In 1993, a move in the House of Representatives to cancel what was then Space Station Freedom failed by one vote. The administrator at that time, Dan Goldin then brought Russia into the proceedings, and thus the program became the International Space Station.
The good part about working with the Russians – they had a LOT of experience with space stations, with their series of Salyuts and then Mir. A space station mission is very different from a Space Shuttle mission, exactly like a marathon versus a sprint. With the Space Shuttle mission, you have 14 days to get it all done, so GO, GO, GO! With longer missions, you have to let the crew rest, have some time to just look out the window or read a book, and have some contact with family, so they don’t go crazy from the isolation and cramped quarters.
We started the Shuttle-Mir program, where the Space Shuttle made regular dockings with the Mir space station, and American astronauts stayed onboard for months at a time. Cosmonauts, including Sergei Krikalev, joined Shuttle crews. (Krikalev holds the record for the longest cumulative time spent in space and was on Mir with Alexander Volkov when the Soviet Union dissolved in 1991. They left Earth as USSR citizens and returned as Russian citizens.) I took part in five materials experiments that flew on Mir and learned a lot about not only the space environment but also the induced environment around an active space station. Two of the experiments were victims of a Shuttle “water” dump while it was docked at Mir. Four of the five were contaminated by the heavy use of silicones and lack of thermal vacuum bakeouts of hardware on Mir. (The fifth one was not exposed very long.)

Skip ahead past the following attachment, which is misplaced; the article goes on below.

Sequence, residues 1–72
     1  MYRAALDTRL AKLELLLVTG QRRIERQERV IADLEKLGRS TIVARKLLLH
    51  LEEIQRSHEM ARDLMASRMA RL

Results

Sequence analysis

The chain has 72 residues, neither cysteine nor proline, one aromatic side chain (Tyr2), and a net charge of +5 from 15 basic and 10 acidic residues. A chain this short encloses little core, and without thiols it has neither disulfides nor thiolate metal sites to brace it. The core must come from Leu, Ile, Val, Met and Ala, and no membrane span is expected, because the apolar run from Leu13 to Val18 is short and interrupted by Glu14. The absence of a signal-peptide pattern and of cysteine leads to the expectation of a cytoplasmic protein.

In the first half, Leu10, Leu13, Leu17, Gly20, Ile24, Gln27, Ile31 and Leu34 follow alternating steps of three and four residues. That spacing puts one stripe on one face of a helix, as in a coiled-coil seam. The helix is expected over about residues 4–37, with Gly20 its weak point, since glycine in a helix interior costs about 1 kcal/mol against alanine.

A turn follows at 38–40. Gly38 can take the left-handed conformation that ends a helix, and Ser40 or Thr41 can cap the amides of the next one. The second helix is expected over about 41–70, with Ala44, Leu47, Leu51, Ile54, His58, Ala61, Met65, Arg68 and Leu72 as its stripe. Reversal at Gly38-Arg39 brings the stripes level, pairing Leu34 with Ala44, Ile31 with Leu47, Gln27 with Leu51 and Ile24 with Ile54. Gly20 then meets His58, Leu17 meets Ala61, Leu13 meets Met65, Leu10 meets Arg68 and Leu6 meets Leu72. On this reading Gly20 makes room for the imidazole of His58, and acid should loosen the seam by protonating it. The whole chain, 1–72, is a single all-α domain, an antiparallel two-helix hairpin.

Side note on materials – why is silicone a bad thing? Well, it’s great for seals, but the Russians used large amounts of silicone adhesive on their solar arrays and white silicone paint on their modules. This outgassed in the space environment and coated everything in line-of-sight, then reacted with the space environment. The white paint turned brown, making that surface warmer, and the solar arrays lost power. We looked at what impact this would have on the ISS radiators’ ability to dump heat, and that kind of degradation would lead to having to change the radiators every two years.
The bad part about working with the Russians – the terrible fire onboard Mir and a collision with a Progress resupply vehicle, both in 1997. We grew concerned about the priority of crew safety in Russian minds. The Russians liked the American cash in their space program and not much else. I guess something left over from the Soviet days was a very close-mouthed attitude on the part of the Russian engineers. They spoke only through translators, but it was pretty obvious that they were passably fluent in English. You might ask them a question in the middle of a meeting that they would not answer, but if you asked again in private, they would.